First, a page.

It is widely recognised in today's business environment that information is a commodity more valuable than time or even money. Businesses that fully understand the benefits of intelligence gathering will be the ones that thrive as they create and sustain a vital competitive edge.

Information comes from the data a business generates, collects through its normal transactions or has access to from external sources. But data becomes information, and ultimately knowledge, but only when it is properly interpreted and understood.

Businesses that conduct market research improve their competitive position through more informed decision-making. Strategies may be fine-tuned, ensuring the deployment of appropriate tactics to achieve objectives. For example, Toyota became one of the world's most successful motor manufacturers by concentrating its research solely on its customers on the basis that, firstly, they are more likely to buy a new Toyota; and second, they are uniquely placed to know the good and the bad features of the cars they are driving.

Any business that has not considered research or has no plans for an information process strategy risks finding future trading conditions difficult. Marketing research in its widest sense informs planning and decision-making at every level of an organisation. It's the key to discovering why people buy things and provides the ability to probe deeply into people's beliefs, awareness, intentions, needs, attitudes, ideas, aspirations, motivations and self-image.

A better understanding of customers facilitates:

  • product and concept testing
  • marketplace evaluations like trends and competitor activity
  • recognition of customers' usage of and preference for different distribution channels
  • quantification, profiling and segmentation of target prospects and existing customers
  • competitor analysis and identifying customer usage of competitors
  • development and maintenance of loyalty programmes.

    Information you acquire from the marketing research process contributes to your marketing in four vital ways by:

  • identifying and locating potential customers to grow your base
  • learning more about your existing customers to have a better understanding of their needs
  • identifying market opportunities for current and new products and services
  • developing the right products to meet the needs of your current and potential customers.

    There are two main methods of gathering business information – secondary and primary research – and two fundamentally different types of business information – qualitative and quantitative research. Secondary research should always be instigated before primary research. We use secondary research to glean information from a company's own records and published sources. Primary research – usually interviews, surveys, focus groups, questionnaires and on-going panels – is designed to answer specific questions and tackle particular problems or opportunities.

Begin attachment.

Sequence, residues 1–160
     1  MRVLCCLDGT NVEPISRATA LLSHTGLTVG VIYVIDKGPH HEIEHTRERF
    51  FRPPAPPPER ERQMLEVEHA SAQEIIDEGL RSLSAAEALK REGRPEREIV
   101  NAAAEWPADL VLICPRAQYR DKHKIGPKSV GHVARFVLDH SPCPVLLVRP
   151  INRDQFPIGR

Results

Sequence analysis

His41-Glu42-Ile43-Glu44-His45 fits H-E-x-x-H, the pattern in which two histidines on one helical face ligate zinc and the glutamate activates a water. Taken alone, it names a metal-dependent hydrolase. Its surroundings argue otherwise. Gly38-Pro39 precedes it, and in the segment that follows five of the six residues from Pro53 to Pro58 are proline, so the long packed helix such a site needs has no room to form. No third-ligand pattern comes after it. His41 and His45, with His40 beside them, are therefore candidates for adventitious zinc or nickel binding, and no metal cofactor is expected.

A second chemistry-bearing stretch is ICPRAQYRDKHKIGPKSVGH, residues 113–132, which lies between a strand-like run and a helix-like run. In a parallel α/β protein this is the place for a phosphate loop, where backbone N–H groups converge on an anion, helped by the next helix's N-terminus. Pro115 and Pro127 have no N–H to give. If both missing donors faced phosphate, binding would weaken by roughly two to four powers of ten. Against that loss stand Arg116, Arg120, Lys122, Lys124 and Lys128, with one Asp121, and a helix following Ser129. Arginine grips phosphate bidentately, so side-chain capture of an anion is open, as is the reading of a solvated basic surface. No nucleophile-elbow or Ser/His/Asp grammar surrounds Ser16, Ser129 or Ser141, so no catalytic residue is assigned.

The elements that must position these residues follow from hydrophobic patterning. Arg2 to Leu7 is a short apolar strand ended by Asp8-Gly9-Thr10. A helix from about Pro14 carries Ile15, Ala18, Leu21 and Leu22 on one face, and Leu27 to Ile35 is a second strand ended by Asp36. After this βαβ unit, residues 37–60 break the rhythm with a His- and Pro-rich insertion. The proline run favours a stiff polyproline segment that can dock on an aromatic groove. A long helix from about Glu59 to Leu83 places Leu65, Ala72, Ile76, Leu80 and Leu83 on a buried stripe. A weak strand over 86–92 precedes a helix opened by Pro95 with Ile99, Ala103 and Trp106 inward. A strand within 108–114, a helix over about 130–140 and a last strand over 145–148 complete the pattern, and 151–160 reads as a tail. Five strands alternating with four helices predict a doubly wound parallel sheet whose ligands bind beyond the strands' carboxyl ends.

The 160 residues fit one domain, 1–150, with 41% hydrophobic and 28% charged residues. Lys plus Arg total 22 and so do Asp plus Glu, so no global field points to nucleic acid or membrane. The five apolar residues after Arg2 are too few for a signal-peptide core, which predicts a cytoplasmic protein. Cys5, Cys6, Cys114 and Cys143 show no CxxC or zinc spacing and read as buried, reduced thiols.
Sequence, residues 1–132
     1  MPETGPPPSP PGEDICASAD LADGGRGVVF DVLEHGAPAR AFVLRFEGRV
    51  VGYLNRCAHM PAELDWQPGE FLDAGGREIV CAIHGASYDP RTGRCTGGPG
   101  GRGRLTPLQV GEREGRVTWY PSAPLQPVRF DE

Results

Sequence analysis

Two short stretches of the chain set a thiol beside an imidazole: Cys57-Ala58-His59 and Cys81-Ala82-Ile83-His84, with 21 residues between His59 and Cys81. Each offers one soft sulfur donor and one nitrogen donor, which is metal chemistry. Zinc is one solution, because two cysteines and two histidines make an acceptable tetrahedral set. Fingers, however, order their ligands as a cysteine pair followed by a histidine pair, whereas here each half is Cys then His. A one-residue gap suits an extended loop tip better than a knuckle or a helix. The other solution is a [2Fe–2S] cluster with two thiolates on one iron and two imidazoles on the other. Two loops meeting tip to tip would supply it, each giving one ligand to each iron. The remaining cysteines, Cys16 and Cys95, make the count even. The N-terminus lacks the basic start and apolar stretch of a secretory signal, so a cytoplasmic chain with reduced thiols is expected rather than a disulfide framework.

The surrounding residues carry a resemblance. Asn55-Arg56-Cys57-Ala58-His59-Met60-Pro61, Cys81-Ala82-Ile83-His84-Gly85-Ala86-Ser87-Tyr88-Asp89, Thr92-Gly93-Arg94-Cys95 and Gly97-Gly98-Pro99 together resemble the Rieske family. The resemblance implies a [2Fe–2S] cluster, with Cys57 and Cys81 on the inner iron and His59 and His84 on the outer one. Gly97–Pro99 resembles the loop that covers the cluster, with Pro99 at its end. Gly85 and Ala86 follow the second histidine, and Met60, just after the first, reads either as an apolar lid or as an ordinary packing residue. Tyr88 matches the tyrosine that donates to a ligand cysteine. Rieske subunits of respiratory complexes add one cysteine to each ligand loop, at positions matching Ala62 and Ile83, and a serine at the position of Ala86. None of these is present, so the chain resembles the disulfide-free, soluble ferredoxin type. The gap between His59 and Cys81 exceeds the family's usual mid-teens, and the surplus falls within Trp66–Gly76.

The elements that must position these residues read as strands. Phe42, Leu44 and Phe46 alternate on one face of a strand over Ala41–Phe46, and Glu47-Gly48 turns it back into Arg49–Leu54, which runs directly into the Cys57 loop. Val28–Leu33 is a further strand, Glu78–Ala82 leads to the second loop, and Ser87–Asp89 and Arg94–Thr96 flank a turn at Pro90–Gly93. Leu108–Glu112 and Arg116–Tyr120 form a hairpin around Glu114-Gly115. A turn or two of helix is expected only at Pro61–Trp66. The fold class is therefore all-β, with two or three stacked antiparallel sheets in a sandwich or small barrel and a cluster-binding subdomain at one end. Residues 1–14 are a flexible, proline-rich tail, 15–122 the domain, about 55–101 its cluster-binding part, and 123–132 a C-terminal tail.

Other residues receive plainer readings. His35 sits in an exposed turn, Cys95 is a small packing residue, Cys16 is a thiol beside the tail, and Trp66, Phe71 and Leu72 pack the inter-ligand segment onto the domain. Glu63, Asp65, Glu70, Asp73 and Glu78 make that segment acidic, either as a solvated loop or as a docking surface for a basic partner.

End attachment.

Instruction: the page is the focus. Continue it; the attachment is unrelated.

Which methodology to employ must be given serious consideration. The effect of the research medium on the possible outcome needs to be taken into account alongside likely response rates and the costs involved. Options include:

  • Postal surveys. Allow respondents the opportunity to provide carefully considered replies.
  • Telephone interviews. Facilitate one-to-one interaction without the cost or time overheads of face-to-face meetings.
  • Face-to-face interviews. Allow an interviewer to really concentrate on finding out what an individual thinks, read body language and assess hidden agendas.
  • Group discussions. These provide interaction between participants, which can produce more structured and considered results as the comments of individual members stimulate the entire group.

    Qualitative research answers "why" and "how" questions and uses methods such as group discussions and in-depth interviews and investigates attitudes, beliefs and motivations. Quantitative research answers the "how many" questions, and is more likely to use postal surveys, panels, and telephone and face-to-face interviews.

    Perhaps the most common mistake businesses make with market research is simply not bothering to do any at all. For those convinced of its value, here are some of the most common pitfalls:

  • have a clearly defined research goal – without it, questions will be badly phrased or, worse still, irrelevant
  • use a proper sample size – do not take short cuts to save money. Sample sizes need to be truly representative of your customers or prospects as a whole to be statistically significant
  • make research continuous – without any follow-up activity, it is impossible to track changes over a period of time
  • interpretation of data is critical – try to ensure the analysis is not positioned to derive the results that you want, rather than what the results really are. Aim always to be as objective as possible.

    Above all, remember, all marketing decisions (if not all decisions) should be based upon experience, instinct and facts. With the insurance sector making increasing use of customer relationship management programmes and loyalty schemes, understanding of customer and prospect behaviour is at a premium. That's why research plays such a vital role in today's marketing mix.

  • Steve Manton is managing director of M Consulting.

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